1. Leaving Las Vegas (1995)
In the role that won him an Academy Award, Nicolas Cage isn’t searching for riddles on the back of the Declaration of Independence, but for a way to drink his pathetic existence into oblivion, alongside Elisabeth Shue’s damaged prostitute.
2. Straw Dogs (1971)
In Sam Peckinpah’s nasty little gem, an American and his wife (played by Dustin Hoffman and Susan George) are attacked by Cornish locals who are acting out their class resentments. The subsequent rampage is a long, cold stare at the violence that lurks in all of us.
3. Come and See (1985)
This Soviet WWII movie about a teen (Aleksey Kravchenko) thrust into battle is one of cinema’s most brutal depictions of man’s inhumanity. Production was so intense, the young star’s hair reportedly turned gray.
4. Irreversible (2003)
There are many suffocatingly cruel sequences in Gaspar Noé’s film, including an extended single-shot rape sequence, made even more painful by the reverse-chronological movie’s distorted sense of cause and effect.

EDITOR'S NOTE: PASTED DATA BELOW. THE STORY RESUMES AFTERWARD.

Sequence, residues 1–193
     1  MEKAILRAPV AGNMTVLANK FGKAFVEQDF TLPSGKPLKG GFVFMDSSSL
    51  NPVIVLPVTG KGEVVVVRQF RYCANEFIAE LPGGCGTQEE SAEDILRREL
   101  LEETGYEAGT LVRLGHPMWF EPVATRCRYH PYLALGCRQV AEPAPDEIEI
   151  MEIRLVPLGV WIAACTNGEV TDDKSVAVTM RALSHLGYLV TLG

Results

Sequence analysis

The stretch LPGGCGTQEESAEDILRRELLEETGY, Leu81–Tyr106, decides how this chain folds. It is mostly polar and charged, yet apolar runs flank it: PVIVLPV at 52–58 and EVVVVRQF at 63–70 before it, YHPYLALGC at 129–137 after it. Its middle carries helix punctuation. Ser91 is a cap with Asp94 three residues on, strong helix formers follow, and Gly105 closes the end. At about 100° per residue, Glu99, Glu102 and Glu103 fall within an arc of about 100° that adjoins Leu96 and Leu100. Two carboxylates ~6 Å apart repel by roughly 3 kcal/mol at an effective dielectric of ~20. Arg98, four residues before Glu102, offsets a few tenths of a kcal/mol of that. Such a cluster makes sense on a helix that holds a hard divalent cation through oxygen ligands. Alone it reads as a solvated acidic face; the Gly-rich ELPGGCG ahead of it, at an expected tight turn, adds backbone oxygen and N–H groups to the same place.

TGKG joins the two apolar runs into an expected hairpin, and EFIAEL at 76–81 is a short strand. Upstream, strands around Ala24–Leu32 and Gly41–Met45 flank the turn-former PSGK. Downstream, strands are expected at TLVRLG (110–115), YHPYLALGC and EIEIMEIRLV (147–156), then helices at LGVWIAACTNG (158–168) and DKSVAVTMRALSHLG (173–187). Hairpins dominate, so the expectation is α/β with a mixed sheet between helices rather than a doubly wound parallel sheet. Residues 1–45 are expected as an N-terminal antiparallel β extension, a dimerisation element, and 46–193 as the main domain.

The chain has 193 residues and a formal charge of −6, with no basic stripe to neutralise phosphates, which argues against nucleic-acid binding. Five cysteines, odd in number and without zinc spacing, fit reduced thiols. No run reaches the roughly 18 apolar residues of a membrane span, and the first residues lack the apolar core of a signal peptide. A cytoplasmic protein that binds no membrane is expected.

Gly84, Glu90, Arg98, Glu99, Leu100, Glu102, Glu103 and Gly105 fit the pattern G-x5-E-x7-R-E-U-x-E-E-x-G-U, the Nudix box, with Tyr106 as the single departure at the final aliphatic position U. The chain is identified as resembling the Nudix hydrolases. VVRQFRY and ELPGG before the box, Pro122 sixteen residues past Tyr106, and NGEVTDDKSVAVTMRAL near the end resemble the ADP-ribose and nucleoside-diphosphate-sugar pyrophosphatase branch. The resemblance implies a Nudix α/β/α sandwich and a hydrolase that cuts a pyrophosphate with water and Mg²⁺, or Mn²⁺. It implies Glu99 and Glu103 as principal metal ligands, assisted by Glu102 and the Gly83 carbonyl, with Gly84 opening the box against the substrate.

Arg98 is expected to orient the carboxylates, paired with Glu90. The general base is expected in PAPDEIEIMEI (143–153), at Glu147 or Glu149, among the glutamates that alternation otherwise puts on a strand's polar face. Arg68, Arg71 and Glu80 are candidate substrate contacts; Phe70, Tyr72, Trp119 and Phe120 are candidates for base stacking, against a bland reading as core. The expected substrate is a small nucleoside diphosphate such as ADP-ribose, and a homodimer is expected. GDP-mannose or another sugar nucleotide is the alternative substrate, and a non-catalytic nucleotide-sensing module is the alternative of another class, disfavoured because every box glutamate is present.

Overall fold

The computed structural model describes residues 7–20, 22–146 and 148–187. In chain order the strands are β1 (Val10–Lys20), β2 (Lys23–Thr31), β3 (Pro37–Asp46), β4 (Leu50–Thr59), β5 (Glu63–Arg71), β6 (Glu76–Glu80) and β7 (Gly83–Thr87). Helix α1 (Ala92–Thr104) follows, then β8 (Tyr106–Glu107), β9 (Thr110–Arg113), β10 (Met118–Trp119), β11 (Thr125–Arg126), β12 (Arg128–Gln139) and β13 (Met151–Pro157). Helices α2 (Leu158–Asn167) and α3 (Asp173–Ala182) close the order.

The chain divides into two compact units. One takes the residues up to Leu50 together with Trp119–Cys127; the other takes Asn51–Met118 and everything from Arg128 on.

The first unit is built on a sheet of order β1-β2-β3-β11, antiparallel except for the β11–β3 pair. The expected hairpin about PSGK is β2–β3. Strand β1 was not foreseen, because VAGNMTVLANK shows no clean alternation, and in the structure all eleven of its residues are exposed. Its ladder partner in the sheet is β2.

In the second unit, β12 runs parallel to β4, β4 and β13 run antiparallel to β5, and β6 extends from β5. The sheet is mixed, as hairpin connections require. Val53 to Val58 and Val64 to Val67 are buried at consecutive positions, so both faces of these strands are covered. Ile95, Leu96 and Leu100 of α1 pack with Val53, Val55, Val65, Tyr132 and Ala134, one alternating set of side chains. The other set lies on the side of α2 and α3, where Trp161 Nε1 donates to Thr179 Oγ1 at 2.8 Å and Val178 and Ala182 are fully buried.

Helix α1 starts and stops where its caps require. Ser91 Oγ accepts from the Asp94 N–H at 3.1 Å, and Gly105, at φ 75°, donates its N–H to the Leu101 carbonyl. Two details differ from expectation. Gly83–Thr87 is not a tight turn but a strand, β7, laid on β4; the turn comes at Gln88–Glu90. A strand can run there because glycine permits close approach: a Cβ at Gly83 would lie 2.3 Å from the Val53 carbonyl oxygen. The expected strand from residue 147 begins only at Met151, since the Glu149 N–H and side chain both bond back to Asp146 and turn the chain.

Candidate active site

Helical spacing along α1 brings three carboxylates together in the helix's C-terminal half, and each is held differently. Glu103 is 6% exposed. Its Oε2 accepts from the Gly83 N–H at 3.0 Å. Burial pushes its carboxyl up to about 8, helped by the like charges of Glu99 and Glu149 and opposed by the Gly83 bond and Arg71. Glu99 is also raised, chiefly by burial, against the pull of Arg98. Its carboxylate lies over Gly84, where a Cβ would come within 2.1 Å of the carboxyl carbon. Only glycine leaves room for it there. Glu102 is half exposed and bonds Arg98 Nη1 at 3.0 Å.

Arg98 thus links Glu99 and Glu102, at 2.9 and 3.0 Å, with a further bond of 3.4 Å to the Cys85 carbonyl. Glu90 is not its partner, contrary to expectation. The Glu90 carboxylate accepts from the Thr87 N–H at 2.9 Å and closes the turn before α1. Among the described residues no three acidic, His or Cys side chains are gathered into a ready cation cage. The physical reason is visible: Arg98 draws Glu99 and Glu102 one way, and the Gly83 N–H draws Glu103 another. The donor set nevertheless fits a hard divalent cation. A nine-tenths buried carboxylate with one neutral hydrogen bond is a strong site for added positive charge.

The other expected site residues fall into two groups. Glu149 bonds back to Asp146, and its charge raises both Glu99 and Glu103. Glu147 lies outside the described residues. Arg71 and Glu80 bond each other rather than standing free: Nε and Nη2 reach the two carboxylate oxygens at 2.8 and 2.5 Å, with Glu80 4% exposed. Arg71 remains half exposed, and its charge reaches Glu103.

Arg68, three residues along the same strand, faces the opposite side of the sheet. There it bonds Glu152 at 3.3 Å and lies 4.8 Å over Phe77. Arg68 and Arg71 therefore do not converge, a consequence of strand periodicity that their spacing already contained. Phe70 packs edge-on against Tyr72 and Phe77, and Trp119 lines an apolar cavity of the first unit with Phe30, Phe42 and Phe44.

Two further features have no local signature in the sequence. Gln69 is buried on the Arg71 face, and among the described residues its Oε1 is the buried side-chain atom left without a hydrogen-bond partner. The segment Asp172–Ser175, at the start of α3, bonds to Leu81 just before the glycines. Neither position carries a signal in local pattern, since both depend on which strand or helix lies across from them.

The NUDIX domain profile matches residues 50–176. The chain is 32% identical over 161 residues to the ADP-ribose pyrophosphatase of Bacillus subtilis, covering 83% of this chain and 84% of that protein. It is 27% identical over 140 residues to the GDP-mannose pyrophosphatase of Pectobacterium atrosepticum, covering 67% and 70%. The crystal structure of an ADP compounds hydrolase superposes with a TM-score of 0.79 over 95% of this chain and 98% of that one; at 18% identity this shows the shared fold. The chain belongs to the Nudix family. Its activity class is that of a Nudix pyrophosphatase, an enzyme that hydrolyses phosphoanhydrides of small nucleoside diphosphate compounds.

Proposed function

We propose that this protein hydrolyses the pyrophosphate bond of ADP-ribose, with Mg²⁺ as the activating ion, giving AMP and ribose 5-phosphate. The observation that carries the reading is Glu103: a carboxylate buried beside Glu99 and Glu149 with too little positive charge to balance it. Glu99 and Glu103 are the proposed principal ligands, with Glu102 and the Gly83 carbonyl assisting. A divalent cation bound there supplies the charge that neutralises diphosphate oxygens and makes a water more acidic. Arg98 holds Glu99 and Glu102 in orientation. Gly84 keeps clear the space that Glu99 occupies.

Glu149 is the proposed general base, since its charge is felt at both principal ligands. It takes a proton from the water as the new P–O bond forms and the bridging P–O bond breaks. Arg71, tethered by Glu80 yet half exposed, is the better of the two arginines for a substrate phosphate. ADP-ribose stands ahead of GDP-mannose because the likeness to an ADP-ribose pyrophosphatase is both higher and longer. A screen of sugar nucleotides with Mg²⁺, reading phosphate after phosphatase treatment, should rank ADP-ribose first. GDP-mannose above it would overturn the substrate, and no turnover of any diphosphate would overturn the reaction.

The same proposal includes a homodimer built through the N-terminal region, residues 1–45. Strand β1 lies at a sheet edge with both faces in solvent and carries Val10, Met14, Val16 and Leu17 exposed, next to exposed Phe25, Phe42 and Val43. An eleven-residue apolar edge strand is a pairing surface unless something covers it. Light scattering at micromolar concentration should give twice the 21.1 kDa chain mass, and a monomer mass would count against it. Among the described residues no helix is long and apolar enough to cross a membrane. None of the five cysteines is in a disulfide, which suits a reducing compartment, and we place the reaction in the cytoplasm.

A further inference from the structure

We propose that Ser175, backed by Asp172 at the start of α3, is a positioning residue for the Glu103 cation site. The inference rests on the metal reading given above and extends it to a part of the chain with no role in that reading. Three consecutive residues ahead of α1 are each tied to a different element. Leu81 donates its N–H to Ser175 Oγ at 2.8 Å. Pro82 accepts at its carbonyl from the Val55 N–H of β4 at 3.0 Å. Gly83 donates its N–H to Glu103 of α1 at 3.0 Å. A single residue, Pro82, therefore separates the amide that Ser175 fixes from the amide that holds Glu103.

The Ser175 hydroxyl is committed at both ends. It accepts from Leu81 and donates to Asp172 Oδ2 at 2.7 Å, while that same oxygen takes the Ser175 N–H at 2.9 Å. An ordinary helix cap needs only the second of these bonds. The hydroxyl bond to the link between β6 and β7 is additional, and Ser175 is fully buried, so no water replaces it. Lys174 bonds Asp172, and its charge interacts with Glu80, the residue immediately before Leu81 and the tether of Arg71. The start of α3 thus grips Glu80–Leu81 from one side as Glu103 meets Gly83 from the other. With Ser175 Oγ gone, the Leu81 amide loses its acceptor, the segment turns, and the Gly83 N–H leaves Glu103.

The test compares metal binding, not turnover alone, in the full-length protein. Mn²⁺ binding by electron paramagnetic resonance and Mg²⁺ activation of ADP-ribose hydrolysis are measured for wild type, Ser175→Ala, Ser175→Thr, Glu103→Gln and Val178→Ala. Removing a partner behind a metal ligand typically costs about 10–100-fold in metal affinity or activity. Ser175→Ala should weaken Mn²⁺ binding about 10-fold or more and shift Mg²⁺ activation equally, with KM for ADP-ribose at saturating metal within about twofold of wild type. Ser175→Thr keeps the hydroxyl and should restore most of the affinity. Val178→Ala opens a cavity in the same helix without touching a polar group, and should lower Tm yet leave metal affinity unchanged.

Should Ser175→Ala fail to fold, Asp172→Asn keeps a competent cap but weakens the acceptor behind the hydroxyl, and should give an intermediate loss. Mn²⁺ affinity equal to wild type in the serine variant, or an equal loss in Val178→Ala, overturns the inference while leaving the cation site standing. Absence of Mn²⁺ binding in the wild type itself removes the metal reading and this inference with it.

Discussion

5. United 93 (2006)
Before Captain Phillips, Paul Greengrass brought recent history to the screen in this real-time re-creation of the 9/11 hijacking of United Airlines Flight 93. It makes you wish desperately for the happy ending you know isn’t coming.
6. Dancer in the Dark (2000)
Choosing which of Lars von Trier’s films is the most emotionally devastating is no easy task. Despite its song-and-dance sequences, this marathon of misery, starring Björk, will leave you feeling like you swallowed a brick.
7. The Sorrow and the Pity (1969)
As if the title’s not enough of a tip-off, Marcel Ophüls’ documentary about the Nazi occupation of France, and those who resisted and collaborated, is enough of a downer that it served as a punchline in Annie Hall as the ultimate bad date movie.
8. Requiem For a Dream (2000)
Darren Aronofsky’s terrifyingly grim drama does the work of a thousand D.A.R.E. seminars, as his drug-addicted characters (including Jared Leto’s heroin junkie) lose life, limb, dignity, and sanity.